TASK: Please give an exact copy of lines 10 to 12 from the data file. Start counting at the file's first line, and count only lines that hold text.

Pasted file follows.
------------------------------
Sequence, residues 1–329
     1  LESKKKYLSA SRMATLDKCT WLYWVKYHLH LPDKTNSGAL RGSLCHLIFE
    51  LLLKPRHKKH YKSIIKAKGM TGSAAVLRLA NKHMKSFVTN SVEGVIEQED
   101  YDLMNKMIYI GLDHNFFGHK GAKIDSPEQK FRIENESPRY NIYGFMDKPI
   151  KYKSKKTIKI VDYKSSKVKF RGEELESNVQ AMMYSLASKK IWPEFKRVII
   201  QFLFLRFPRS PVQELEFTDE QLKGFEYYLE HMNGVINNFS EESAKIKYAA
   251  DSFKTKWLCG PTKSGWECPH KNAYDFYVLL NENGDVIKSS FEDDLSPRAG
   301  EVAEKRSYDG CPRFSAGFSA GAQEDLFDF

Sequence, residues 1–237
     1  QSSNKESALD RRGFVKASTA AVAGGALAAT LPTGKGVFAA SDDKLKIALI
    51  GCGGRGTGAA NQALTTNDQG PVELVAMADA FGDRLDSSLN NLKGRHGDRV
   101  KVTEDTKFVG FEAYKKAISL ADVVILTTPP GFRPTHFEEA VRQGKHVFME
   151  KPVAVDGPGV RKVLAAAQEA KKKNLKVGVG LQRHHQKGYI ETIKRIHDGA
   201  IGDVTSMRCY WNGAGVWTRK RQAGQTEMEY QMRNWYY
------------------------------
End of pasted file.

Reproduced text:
     1  QSSNKESALD RRGFVKASTA AVAGGALAAT LPTGKGVFAA SDDKLKIALI
    51  GCGGRGTGAA NQALTTNDQG PVELVAMADA FGDRLDSSLN NLKGRHGDRV
   101  KVTEDTKFVG FEAYKKAISL ADVVILTTPP GFRPTHFEEA VRQGKHVFME